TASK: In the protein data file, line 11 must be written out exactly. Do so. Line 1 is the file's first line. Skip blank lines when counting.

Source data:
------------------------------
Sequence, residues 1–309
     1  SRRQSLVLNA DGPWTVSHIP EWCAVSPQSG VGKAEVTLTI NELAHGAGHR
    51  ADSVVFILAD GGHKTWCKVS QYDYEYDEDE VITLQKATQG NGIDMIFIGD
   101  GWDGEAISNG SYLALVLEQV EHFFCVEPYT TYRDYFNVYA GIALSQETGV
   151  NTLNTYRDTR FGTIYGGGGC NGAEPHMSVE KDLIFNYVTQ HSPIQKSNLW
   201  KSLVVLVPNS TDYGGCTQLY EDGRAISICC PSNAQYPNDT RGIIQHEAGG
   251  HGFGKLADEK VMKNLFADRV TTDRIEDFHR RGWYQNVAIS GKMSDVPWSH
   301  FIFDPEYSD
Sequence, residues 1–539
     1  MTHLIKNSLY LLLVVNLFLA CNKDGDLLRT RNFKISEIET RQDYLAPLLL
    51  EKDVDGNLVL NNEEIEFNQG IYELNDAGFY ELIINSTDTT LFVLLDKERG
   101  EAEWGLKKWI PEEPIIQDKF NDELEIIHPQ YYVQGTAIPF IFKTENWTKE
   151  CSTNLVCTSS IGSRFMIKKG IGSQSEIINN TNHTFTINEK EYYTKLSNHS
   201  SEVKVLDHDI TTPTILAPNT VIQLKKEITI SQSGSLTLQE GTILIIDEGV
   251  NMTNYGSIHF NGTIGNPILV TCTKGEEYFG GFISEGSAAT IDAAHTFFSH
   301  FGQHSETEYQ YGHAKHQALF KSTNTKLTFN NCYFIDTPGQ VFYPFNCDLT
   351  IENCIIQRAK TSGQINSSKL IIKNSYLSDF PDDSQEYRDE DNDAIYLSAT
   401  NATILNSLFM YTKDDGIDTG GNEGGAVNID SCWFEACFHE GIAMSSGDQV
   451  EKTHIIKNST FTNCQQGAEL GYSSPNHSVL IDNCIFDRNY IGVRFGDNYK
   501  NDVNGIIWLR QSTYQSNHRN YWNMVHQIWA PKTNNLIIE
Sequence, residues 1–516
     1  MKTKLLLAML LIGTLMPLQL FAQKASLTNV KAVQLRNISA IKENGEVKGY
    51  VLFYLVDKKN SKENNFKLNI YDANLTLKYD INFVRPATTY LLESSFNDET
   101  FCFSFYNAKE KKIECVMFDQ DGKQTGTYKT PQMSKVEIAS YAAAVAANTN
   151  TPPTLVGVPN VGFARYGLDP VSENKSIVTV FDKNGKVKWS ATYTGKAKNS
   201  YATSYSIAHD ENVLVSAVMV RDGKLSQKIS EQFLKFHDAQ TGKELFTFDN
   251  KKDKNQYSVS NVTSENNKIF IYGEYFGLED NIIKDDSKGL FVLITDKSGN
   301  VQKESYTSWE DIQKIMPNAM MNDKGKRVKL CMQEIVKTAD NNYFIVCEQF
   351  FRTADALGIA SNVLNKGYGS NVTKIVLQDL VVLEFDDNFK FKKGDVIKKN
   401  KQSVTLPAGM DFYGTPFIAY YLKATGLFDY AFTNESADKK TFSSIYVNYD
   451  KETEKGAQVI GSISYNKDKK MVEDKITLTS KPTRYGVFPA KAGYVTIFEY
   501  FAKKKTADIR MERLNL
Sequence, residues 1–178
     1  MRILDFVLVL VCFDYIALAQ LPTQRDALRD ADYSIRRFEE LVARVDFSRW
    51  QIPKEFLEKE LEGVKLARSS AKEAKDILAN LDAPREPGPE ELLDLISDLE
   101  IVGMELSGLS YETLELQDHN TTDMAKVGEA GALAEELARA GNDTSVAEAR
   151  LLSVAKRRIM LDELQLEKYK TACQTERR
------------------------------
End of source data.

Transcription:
    51  EKDVDGNLVL NNEEIEFNQG IYELNDAGFY ELIINSTDTT LFVLLDKERG